- Concept of capitalism animisn is interesting, i.e “treating social phenomenona such as markets or financial capitals as living entities” (p.33)
- Metaphor from kung-fu move Five Point Palm Exploding Heart Technique to illustrate that, once the pandemic will be over, Europe (and probably the world) will probably turns into shambles
- The conclusion of the book is that maybe we are already seeing the emergence of this new form of communism he is advocating for, namely through pandemic relief measures, this new form communism he suggests we could call “disaster communism” to echo Naomi Klein’s disaster capitalism
08 Jan 2021
(little piece from my zine-in-progress Witchcraft Is Social Change)
WHAT IS WITCHCRAFT? AND WHAT IS WITCHCRAFT IN THE CONTEXT OF SOCIAL CHANGE?
There’s two ways to define witchcraft or magic that intertwine. The first one is to play it safe. It’s when you define magic as a a way to change reality in order to attain some results. In this context, everything is magic. Seduction can be magic. Coding can be magic. There’s in my opinion nothing wrong with that, except that it can also allow the interpretation of a rationalized magic that would eventually deny the real magic.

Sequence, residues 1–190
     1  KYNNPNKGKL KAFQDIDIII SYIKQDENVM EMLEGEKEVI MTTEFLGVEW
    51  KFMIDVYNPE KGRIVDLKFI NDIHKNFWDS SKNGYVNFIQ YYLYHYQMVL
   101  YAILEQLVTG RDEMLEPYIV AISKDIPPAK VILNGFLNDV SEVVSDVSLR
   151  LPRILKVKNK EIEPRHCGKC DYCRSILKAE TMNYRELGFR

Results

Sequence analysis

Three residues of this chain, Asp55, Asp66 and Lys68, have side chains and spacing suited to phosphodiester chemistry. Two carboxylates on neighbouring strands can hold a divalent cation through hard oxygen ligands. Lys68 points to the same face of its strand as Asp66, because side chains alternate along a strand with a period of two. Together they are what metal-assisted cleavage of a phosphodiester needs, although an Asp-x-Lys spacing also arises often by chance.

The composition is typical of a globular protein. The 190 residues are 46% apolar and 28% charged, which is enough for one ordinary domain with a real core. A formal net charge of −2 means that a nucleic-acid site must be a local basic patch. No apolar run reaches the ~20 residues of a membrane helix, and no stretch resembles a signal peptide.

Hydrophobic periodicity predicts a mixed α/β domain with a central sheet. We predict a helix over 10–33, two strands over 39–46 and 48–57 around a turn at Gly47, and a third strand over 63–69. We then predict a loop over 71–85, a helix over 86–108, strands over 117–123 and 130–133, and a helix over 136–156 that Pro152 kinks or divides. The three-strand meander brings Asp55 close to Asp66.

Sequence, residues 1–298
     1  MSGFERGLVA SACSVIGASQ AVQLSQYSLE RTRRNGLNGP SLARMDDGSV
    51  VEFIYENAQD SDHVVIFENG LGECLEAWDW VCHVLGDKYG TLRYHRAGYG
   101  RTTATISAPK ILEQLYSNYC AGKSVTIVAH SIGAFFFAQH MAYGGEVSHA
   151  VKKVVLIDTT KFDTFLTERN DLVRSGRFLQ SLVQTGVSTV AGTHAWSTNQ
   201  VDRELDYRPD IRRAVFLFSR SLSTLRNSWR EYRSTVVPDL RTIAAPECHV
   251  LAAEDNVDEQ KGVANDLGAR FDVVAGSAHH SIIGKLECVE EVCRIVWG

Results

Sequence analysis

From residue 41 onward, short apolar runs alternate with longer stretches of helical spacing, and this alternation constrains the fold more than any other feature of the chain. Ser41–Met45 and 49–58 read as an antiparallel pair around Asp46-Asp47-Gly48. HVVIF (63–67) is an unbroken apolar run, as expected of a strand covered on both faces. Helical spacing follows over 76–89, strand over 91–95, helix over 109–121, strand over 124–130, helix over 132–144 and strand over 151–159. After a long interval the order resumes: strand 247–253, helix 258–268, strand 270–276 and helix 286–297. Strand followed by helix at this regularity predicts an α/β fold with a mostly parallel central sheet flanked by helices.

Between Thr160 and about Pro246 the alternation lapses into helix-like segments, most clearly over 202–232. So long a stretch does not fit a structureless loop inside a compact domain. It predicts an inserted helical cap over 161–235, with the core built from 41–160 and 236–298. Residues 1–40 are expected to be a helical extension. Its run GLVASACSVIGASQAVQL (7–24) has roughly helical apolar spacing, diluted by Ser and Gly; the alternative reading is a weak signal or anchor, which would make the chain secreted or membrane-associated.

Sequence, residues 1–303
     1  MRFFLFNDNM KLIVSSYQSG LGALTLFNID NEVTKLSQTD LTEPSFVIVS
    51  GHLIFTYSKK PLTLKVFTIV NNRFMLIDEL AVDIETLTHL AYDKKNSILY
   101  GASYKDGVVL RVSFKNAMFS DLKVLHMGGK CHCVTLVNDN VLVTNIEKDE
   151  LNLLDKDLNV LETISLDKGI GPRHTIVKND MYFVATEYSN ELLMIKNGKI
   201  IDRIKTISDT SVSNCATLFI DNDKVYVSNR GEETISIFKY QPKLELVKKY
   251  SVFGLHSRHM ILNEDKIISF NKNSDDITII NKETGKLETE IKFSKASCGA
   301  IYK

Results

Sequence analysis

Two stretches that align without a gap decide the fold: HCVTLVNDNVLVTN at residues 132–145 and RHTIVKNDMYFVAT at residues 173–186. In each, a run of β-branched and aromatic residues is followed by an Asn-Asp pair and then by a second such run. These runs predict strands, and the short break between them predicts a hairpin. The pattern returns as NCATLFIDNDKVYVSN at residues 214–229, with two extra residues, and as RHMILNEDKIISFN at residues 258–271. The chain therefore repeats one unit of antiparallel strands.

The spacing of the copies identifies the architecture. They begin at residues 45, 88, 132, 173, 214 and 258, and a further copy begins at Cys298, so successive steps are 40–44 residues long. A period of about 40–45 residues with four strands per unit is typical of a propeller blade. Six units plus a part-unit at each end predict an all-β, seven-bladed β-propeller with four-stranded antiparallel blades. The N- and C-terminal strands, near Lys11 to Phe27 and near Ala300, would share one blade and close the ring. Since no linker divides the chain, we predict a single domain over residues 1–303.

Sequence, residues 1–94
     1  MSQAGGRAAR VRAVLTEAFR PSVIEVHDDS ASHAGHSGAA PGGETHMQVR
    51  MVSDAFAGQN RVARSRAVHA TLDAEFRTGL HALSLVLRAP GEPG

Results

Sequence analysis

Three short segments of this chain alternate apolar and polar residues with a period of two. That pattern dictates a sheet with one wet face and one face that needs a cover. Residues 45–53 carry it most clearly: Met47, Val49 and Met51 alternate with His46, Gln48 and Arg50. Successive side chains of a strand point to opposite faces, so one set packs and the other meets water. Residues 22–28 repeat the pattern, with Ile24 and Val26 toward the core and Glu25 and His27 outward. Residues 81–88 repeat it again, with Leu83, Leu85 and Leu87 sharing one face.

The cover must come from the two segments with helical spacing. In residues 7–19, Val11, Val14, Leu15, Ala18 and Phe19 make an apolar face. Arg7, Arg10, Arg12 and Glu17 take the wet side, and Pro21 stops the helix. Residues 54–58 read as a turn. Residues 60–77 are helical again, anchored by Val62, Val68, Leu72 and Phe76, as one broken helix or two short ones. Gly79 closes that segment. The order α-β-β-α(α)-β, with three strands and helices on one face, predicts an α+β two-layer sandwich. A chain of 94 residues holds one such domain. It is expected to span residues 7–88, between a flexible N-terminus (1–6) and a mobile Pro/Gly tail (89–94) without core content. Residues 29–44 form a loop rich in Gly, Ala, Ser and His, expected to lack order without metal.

The second definition of magic would be the one that specifically in describe this magic we believed in when we were children. The magic of the unexplained. The magic of nature’s mysteries not yet discovered (or even impossible to discover/apprehend). The magic behind a shaman levitating, behind your first birth chard reading that illuminates so many things of your life.
I will – of course – not stop myself at the first definition and rather extend to and englobe the second when I will talk about magic or witchcraft here. I do use magic and witchcraft interchangeably, but I do recognize a little nuance in the two. Magic is everywhere, naturally. Witchcraft involves human interventions. But at the same time, I recognize that magic is a human concept and that, maybe, we just label magic things we cannot explain since the beginning of time, that maybe, at the end of the day, what we are doing when we are practicing magic are acts that are less supernatural than we could think.
What does witchcraft means in the context of social change? What does witchcraft looks like as a political tool? Well, if we look at our first definition, we could dare to say that activism, or any kind of attempt to alter status quo, is witchcraft. But this does not satisfy me. It would be a ‘‘play if safe’’ answer. For me, to use witchcraft as a political tool is :
- an answer to Audre Lorde famous words saying that ‘‘we cannot unbuild the masters’ house with the masters tools’’
- to acknowledge the importance of the symbolic and engage in fight on symbolic ground
(and therefore acknowledge that the “battle of the imagination” is not frivolous)
- in the spirit of diversity of tactics, to leave the realm of the purely rational and include the poetic and the magical in our arsenal
- to follow emergent strategies that mimics the wisdom of nature